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Lorna Luft The American


lthough it’s what everyone asks her about, Lorna Luft makes sure her sometimes difficult past does not define her. The title of her new show that she’s bringing to London’s Crazy Coqs cabaret nightclub is a clue: Accentuate The Positive. Speaking to The American from California, before flying back to London (she has toured the UK many times), Lorna was bubbling with enthusiasm, even for the British weather she would face: “It’s warm here in Palm Springs, but I’m looking forward to London. It’s supposed to be cold in winter... I’m married to a Brit (the musician and Lorna’s musical director, Colin R. Freeman) so I get it,” she laughs. “It’s not right to be 90 degrees in December, I never get used to that!” Lorna is appearing at the Crazy Coqs for a residency in December, but her last tour took her to places she had never been before, like Truro in Cornwall. “That’s a lovely part of the country, but I’d never been there before. I’ve toured England so many times, I recognize the town from the dressing room. I walk in and think, ‘Ah, I’ve been in this theater, so I’ve been to this town!’ In Norwich, which is a stunning city with a great sense of life and style, they told me I’d been there twice – I said, ‘How nice, did I have a good time?’ We stay in each town for a week so I try to get out and look around. “Some places I just don’t want to

22 December 2014

leave. Edinburgh has a special place in my heart. We were there for the Independence vote, it was so exciting. And like London it has so many nooks and crannies, you can just walk and get lost. You think, I don’t know where this is going but it’ll come out someplace interesting. “London will always be my second home. I took the train to Southend for rehearsal, that’s a part I didn’t know before, and I don’t know the City of London so well. If any American can take a day, it’s incredible to walk around the City. Not only is it the financial Mecca of Great Britain, like Wall Street, it has the history – this is where it all started! I saw the poppies at the Tower of London. I hope Boris Johnson [London’s Mayor] gets his way and they keep them a while – my husband hasn’t seen them, it’s genius, breathtaking. “I get a shopping list from my family when I come over. Most things you can get both sides of the Atlantic but there are some things I’m on the lookout for - I’m looking forward going to the little bookstores and to buying a Paddington Bear for my new little baby granddaughter.” Lorna’s relationship with Britain and its capital goes back to early childhood. Her mother was, of course, Judy Garland, and her father Sid Luft, who produced A Star Is Born which starred Judy. “My father produced B-movies before he met my mother. Before that he was a test pilot for the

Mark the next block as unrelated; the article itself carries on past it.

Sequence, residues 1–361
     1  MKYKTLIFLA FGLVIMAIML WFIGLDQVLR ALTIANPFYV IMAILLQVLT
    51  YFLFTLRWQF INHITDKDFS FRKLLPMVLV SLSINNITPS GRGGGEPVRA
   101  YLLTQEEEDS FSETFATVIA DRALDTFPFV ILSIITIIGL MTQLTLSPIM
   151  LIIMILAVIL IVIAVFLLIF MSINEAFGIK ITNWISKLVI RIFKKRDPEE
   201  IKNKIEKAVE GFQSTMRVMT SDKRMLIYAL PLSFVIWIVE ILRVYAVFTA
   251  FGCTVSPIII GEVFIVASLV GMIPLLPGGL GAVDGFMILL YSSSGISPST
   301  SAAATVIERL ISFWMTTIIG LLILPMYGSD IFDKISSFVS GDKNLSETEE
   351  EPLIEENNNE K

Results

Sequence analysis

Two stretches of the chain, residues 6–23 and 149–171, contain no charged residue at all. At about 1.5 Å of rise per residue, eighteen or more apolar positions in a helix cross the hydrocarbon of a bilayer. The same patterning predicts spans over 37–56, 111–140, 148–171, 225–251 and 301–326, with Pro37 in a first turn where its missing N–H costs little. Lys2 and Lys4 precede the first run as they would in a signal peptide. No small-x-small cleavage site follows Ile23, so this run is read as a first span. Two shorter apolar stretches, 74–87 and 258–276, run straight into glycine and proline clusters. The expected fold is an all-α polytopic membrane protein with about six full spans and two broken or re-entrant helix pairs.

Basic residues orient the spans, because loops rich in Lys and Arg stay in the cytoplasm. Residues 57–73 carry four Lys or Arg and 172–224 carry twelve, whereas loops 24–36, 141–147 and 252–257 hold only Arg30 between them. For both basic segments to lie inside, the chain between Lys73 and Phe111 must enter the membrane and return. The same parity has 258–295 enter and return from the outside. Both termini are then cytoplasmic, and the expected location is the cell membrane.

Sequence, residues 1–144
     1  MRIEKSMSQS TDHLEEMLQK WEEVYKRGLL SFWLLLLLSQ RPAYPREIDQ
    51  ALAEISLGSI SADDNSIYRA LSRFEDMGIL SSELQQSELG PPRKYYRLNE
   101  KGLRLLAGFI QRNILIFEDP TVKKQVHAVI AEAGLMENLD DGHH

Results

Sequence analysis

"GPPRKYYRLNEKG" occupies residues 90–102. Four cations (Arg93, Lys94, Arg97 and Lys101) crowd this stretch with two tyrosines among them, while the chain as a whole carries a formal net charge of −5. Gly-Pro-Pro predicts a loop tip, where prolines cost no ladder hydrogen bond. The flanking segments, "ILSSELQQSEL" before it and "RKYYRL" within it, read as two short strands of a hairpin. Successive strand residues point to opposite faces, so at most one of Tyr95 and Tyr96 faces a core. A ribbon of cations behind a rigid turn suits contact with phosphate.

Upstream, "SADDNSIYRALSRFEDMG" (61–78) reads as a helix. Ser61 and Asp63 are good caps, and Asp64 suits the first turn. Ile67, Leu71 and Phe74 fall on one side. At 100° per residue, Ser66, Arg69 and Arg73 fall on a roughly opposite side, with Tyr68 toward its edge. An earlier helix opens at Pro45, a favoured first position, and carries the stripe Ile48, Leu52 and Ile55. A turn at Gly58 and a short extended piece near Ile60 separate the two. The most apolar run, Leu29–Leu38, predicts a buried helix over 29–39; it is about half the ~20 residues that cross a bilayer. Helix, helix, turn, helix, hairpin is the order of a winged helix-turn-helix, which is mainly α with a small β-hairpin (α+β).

Above: Lorna and her mother, Judy Garland Right: Lorna today IMAGES COURTESY LORNA LUFT

Douglas Aircraft Company. I guess you’d call him a real ‘guy’s guy’, rough around the edges. If you had to cast him, it certainly wouldn’t be Cary Grant, more Humphrey Bogart – who happened to be one of his best friends. Tough drinking, brutally honest and loved, loved, loved the racetrack. He was a Damon Runyon character.” Sid and Judy divorced when Lorna was eleven, and Lorna and her siblings stayed with her mother. “We knew our dad could look after himself and our mom needed us. When the judge asked us, there wasn’t a question. She had difficulties in her life and we are all aware of those, but the one thing it never was, was boring. And given the choice, we were traveling all over the world, going to theaters, there was excitement and drama – you’d choose that over being at home, dinner at six, and going to one school. We lived in London, I went to school there – I had to work on that in therapy later on, because I was never around in school long enough to make friends.”

The American December 2014 Issue 739  

The American has been published for Americans in Britain since 1976. It's also for Brits who like American culture.

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